Iran and India plan to enhance export ties by expanding the Export Guarantee Fund of Iran (EGFI) and Export Credit Guarantee Corporation of India (ECGC) and increasing two-way trade.
Farshid Ahmadi, head of the marketing department of EGFI who was in India for an official visit stressed the role of the EGFI in reducing the risk of trade and improving the status of exporters through mechanisms like providing insurance, guaranteeing funds and supporting businesses.
“There has been a $200 million increase in EFGI’s credit by the government which is noteworthy, he said.
Ahmadi considered problems related to banking transactions as a key stumbling block in the way of the two countries’ commercial interaction.
“We are hopeful that Iranian businesses can easily move their capital using the two countries’ banking systems after the lifting of the sanctions on Iran,” he said.
Iran and the six world powers reached an agreement in July to end a ten-year dispute over the country’s nuclear program in exchange of sanctions relief expected in early 2016.
An Iranian delegation headed by Valliolah Afkhami, deputy minister of industry, mines and trade arrived in India last Tuesday to explore ways to improve and expand bilateral commercial ties. A trade deal was signed by Afkhami and his Indian counterpart.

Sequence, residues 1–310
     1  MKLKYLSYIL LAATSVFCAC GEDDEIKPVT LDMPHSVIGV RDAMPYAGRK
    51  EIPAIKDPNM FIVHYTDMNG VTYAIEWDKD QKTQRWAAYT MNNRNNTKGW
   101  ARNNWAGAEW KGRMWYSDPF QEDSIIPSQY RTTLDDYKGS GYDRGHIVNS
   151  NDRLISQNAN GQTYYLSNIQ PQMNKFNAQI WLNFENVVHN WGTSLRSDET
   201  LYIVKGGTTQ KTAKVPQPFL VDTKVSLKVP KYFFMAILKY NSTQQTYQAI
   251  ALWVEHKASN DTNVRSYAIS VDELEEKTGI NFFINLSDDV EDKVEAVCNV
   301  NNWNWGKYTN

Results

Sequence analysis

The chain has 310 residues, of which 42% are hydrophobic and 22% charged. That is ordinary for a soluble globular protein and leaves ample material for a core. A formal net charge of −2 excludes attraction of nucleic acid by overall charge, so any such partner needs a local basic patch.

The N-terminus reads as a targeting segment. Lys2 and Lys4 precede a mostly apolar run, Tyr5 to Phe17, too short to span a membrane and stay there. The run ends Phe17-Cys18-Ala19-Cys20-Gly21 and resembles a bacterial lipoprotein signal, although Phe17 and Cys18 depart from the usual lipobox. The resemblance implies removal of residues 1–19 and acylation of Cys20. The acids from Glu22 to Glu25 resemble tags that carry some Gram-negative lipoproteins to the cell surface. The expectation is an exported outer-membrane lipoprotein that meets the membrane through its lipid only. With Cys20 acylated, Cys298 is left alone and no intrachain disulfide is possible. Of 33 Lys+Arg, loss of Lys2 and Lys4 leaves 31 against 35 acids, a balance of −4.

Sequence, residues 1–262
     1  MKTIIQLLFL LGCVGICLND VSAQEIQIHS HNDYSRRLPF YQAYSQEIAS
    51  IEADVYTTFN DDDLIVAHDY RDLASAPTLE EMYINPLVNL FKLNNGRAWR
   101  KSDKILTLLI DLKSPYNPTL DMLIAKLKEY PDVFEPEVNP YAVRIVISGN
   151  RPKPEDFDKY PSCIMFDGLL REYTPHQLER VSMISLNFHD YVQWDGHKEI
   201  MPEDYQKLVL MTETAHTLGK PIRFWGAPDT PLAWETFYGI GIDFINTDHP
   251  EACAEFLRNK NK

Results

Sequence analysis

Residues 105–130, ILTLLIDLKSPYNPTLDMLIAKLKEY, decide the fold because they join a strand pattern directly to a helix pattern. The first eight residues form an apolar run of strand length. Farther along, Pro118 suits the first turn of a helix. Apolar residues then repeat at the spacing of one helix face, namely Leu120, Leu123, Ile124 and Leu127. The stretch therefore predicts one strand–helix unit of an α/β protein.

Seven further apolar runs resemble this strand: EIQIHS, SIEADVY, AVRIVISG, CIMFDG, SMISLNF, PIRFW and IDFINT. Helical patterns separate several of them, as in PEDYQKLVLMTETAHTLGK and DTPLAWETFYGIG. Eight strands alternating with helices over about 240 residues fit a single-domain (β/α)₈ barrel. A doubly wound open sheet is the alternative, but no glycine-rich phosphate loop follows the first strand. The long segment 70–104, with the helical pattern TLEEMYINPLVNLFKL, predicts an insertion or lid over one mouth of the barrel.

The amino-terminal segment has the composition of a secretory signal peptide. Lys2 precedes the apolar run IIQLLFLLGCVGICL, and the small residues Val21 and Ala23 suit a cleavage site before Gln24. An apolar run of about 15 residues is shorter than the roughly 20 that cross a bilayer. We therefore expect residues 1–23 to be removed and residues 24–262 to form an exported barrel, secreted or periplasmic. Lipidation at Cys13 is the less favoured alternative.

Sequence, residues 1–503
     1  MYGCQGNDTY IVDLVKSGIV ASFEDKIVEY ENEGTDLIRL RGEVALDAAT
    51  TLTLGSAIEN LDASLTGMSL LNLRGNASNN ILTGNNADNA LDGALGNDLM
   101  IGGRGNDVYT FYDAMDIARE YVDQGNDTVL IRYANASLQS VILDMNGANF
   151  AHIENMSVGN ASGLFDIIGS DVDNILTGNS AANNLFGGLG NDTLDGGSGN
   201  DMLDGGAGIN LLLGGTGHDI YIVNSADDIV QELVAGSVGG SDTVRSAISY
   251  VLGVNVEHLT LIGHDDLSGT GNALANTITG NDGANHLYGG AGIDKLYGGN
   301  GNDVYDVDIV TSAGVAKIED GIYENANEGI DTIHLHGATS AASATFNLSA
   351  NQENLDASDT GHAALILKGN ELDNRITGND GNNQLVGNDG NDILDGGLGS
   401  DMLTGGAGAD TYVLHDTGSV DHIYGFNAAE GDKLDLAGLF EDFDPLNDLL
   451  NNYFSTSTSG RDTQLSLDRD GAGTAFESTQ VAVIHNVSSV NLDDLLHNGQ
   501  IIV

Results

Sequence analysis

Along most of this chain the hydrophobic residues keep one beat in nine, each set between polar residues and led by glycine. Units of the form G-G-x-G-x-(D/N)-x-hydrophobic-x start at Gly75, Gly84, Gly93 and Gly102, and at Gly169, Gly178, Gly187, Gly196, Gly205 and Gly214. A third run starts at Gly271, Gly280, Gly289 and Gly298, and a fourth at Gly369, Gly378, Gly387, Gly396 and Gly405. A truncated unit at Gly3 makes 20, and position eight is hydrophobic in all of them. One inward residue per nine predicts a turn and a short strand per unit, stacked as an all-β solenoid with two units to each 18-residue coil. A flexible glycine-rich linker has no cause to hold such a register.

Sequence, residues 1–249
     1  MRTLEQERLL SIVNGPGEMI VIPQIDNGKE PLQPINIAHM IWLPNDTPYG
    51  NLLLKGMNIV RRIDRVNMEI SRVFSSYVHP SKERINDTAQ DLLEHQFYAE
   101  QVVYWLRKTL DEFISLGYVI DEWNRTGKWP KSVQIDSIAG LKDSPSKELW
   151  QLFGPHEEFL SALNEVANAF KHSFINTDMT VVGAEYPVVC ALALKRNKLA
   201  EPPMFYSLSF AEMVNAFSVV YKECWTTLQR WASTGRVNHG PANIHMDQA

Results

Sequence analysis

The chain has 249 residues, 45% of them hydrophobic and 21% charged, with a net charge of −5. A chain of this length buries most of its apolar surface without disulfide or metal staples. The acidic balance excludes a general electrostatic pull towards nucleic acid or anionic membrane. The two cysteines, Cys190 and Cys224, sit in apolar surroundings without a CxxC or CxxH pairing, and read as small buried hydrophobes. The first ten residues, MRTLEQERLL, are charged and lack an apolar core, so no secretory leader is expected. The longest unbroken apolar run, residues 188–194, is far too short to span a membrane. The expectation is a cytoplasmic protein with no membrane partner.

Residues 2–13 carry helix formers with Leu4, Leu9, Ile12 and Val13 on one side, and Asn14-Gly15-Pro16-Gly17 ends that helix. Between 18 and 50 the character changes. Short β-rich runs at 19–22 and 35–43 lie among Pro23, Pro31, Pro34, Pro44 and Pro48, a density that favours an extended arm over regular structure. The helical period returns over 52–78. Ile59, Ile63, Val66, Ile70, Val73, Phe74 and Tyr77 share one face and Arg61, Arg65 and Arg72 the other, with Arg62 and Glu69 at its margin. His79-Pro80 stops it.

Agricultural and food products, medicine, meat, organic products and engineering services are main areas of trade to be explored with India.
A joint commission has been established tasked with finding new areas of two-way trade but seemingly is in need of backing from both governments.
Iran and India have had normal trade ties since ancient times and the nuclear agreement has raised hopes for expansion of ties.
Mining, industries of various sizes, oil and energy, agriculture and food products form the largest portion of trade relations. The fact that India’s economic growth is expected to surpass that of China in a few years, along with India’s population of more than 1.2 billion, augurs well for giving new impetus to bilateral trade.
India is also the second largest buyer of Iran’s oil after China and was the fourth biggest importer of Iranian non-oil goods in the last Iranian year (ended March 20). Iran exported $10.3 billion of non-oil goods to India while India’s non-oil exports to Iran stood at $4.3 billion. Basmati rice comprises a significant share of India’s exports to Iran, amounting to $2 billion in 2013-14.
Tehran proposed a preferential trade agreement with New Delhi when Afkhamirad met with Additional Secretary of India’s Ministry of Commerce and Industry Rajani Ranjan Rashmi in March. The matter resurfaced during the recent visit to Tehran by India’s Commerce Secretary Rajeev Kher.